Double the disappointment for most mutual-fund investors: Not only has performance tanked across most stock sectors, but fund fees are heading up.
Investors with $5,000 in stock funds now pay an average of about $72.50 annually in total charges.
But for some smaller investors that amount is gradually climbing toward $85 or even $100, depending on the fund group and the portfolio amount, according to recent analysis by information firm Lipper Inc.
Here's why: At most mutual funds, management fees are based on the total amount of assets in a fund. As the value of the fund rises, the fee is assessed at a lower rate. But as the fund shrinks - because of falling market value or as investors shift into other investments - a higher rate is assessed.
"The management-fee increases have only begun, and so most investors probably don't even realize what is happening yet," says Jeff Keil, vice president of Lipper's global fiduciary review group in Denver. "But we expect the increases to become larger and more evident in the months ahead."
Interestingly, there is no across-the-board evidence that fund managers are taking significant cuts in pay despite the market's decline, Mr. Keil says. Currently, junior managers earn upwards of $100,000 annually, and superstars are paid well into the millions, he says.
One reason managers remain in the money: Many mutual funds use "relative performance" as the model for managerial success. Even when a fund sags, Keils says its manager is considered a winner if the funds shrinks less than the market index it is linked to - such as the Standard & Poor's 500 index.
Another fee kicking small investors when they are down: minimum account charges. Shrinking stock values have pushed assets in many accounts below minimum-balance requirements.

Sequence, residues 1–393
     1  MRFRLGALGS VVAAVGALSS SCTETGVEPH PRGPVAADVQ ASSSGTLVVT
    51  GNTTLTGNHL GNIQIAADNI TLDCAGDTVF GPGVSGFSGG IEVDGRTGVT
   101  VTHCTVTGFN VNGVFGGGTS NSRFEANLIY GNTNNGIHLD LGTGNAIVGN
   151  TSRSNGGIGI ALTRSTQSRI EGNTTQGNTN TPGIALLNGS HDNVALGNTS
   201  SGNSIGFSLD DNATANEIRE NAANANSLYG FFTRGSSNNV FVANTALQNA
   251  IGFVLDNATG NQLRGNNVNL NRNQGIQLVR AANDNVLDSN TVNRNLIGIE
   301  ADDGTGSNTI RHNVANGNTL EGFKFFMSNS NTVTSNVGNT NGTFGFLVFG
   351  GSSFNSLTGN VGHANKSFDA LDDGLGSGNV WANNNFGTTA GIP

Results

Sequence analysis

At Fidelity, for example, account-holders must pay an annual service fee of $12 if their fund balance falls below $2,000.
At some funds, the penalty is even higher. At American Century, A fee of $12.50 is levied twice a year if your assets fall under $10,000.
"We're not talking about a huge increase in total fees," says Keil. "They add up to small incremental amounts. But when market returns are low, as they are now, those higher fees can very quickly cut into your earnings."
Investors who have small amounts in several funds can avoid minimum-account charges by consolidating into one fund, experts say.
But some fees can't be avoided. Investors must pay administrative fees to cover the daily operations of the fund, as well as 12(b)1 fees, which pay for fund advertising and distribution. By law, a 12(b)1 fee can be no higher than 1 percent a year. Legal and auditing fees are sometimes separate, but are often included in the administrative fee.
Typically, the expense ratio of an equity fund is about 1.45 percent of total assets, Keil says. But now, with less assets left to cover fund costs, expenses are creeping toward 1.46 or 1.47 percent.
These ratios are often greater in some categories of funds than in others. Technology and telecommunications funds, for example, often charge larger fees given their sagging returns, heavy withdrawals, and the costs associated with more complex portfolio analyses.
One set of fees not included in the fund's expense ratio, but paid by investors: the brokerage charges incurred as a fund buys and sells different securities. These costs are listed on a distinct line in a fund's annual report.
Investors with load funds also pay the broker who sells them the fund product. This load is either paid up front, over time, or when investors sell their shares.
But rising fees aren't only problematic for equity funds. Money-market funds, for example, pressed down by last week's half-point interest-rate cut by the Federal Reserve, have seen expenses eat up paltry yields.
• To check out how expensive the costs are on any funds that you own - or compare them with competitors - click on www.LipperLeaders.com.